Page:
The Faction / Likud A, Likud B
"I'm sorry for you, brother" is what ex-Shinui minister Joseph Paritzky wanted to tell Likud Chairman Benjamin Netanyahu after seeing the results of the Likud primary, which ended yesterday.
According to Paritzky, Netanyahu is probably praying that Labor will do well in the Febuary 10 election, which would mean fewer seats for Likud. That's because Netanyahu's Likud is a split entity: Fewer seats mean less slots for would-be rebels.
As things stand now, if Likud clinches the 30-odd seats the polls are projecting, Netanyahu would do well to appoint two faction leaders instead of one. The first would head the obedient half of Likud, and the second would rally the insubordinates, who include past rebels and current radicals.
Together, the insubordinates account for at least half of Likud's first 30 slots, possibly more. If Likud wins the election and Netanyahu becomes prime minister, he will have double the trouble: He would be left presiding over Likud's obedient half in the cabinet, while the insubordinates stay in the Knesset to make his life miserable as legislators.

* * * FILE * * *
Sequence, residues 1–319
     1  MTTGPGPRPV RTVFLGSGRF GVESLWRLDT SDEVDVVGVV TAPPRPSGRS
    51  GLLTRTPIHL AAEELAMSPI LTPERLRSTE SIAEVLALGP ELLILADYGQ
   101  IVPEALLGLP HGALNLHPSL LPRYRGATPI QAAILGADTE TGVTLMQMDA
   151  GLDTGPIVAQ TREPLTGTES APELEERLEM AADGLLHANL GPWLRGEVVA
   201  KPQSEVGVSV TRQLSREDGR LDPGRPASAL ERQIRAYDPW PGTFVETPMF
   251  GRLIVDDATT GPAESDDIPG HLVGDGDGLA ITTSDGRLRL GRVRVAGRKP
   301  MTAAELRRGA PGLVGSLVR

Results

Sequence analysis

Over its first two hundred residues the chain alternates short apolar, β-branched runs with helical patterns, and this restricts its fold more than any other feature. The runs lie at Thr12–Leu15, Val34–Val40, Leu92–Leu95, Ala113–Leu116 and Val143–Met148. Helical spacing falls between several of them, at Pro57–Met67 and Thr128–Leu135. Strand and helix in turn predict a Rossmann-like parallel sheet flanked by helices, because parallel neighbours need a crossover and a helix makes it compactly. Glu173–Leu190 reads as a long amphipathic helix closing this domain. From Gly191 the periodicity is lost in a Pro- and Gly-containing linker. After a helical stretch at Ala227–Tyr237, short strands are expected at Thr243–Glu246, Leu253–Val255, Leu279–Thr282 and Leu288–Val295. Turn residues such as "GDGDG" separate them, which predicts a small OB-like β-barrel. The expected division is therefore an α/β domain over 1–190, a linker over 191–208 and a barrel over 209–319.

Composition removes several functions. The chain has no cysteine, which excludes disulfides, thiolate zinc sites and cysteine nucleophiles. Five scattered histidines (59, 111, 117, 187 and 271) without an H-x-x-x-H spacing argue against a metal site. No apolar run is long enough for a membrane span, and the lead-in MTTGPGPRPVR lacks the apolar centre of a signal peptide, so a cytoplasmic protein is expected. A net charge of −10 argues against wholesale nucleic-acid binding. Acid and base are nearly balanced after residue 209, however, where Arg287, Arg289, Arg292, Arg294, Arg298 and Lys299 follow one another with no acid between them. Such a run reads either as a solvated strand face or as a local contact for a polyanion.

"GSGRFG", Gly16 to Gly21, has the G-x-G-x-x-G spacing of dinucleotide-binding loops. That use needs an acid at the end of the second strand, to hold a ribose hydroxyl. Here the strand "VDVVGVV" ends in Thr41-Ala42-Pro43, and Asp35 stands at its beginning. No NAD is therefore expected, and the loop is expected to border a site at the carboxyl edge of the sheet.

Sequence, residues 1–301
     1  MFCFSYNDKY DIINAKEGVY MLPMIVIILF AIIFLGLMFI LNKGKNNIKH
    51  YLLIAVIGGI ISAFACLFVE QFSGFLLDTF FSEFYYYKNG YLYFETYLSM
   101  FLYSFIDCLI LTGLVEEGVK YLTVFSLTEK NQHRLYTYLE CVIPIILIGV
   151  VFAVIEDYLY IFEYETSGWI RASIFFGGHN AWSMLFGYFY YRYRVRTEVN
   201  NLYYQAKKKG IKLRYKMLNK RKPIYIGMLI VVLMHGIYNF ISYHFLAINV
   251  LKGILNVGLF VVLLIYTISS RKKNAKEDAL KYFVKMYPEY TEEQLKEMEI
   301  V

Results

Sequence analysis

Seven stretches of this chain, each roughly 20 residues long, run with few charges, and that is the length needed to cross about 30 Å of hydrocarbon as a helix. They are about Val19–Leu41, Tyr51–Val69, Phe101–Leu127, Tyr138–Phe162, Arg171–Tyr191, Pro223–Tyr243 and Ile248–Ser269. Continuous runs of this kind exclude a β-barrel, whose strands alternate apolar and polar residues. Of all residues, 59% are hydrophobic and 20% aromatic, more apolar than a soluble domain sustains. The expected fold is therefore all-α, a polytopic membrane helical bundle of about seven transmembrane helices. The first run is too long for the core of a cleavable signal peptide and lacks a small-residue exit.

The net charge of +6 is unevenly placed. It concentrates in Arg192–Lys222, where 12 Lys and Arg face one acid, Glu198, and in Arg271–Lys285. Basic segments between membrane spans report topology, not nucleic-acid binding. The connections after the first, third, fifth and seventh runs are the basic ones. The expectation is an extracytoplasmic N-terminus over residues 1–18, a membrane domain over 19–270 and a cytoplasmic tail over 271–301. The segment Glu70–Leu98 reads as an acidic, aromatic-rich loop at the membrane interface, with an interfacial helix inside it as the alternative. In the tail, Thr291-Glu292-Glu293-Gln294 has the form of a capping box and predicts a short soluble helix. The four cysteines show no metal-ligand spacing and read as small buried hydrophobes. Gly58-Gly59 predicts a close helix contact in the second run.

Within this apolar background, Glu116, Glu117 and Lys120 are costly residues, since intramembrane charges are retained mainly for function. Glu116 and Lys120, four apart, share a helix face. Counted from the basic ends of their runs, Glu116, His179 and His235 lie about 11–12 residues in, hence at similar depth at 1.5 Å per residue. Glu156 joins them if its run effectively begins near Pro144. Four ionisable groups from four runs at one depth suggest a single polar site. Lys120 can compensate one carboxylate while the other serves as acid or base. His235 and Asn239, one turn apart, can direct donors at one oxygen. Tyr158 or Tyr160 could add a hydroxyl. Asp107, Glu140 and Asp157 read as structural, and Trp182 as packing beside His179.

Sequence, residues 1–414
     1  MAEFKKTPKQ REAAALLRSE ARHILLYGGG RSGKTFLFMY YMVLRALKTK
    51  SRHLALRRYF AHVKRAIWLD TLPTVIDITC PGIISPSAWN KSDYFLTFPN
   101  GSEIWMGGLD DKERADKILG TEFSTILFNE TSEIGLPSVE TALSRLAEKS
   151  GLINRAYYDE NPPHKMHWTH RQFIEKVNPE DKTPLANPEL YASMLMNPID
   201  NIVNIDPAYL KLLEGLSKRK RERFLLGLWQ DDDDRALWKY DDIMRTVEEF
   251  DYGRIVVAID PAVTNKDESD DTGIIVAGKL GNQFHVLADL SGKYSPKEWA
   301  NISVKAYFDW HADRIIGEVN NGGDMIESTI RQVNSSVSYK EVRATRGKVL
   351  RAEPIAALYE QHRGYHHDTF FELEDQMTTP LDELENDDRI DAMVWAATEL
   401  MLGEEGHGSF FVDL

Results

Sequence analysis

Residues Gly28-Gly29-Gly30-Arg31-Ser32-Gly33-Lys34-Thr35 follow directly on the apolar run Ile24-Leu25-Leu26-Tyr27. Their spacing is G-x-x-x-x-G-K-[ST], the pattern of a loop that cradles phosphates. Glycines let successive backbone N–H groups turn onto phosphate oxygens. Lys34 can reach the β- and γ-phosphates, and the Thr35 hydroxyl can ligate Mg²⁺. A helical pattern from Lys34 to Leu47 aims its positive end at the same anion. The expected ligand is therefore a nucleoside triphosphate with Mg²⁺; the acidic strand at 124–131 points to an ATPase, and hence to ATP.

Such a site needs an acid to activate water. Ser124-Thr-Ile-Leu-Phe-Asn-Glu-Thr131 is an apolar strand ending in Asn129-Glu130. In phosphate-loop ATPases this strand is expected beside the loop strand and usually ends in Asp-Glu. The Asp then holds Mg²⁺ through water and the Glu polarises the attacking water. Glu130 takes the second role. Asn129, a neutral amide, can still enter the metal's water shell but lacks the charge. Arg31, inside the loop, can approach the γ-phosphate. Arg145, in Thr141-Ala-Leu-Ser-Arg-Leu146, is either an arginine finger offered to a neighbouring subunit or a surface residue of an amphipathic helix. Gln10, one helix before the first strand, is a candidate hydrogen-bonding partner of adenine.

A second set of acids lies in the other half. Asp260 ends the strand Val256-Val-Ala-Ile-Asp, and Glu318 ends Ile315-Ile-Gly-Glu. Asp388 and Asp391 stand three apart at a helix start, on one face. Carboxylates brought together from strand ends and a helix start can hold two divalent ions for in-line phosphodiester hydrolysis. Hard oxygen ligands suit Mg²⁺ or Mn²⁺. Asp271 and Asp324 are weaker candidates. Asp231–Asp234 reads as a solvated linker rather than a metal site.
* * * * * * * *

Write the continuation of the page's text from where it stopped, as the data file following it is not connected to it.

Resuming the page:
Leah Ness (10th), Michael Ratzon (24th), Ayoob Kara (25th) and Gila Gamliel (19th) bring new rebel blood to the Likud list. And then there is Ze'ev Elkin (21st), who acquired some rebel experience in Kadima, and may wish to apply it in Likud. Danny Danon (26th) ran for the Likud leadership against Netanyahu and his arch-rival Moshe Feiglin (20th), under the banner "Right of Netanyahu." Danon would join the other legislators who refer to Israel's Arab population as "a fifth column."
Netanyahu's associates say that the list's makeup poses no problem, and that they are pleased with the results.
The extreme-rightists are not a problem, they say, since the last inter-party mutiny was brought on by former prime minister Ariel Sharon's decision to pull out of the Gaza Strip. Netanyahu, they say, would never go ahead with such reckless moves, and would thus not give his partymen any reason to revolt.
Furthermore, they say, the current Likud list would approve a peace plan like the one Menachem Begin presented the party in 1979, before signing the peace agreement with Egypt.
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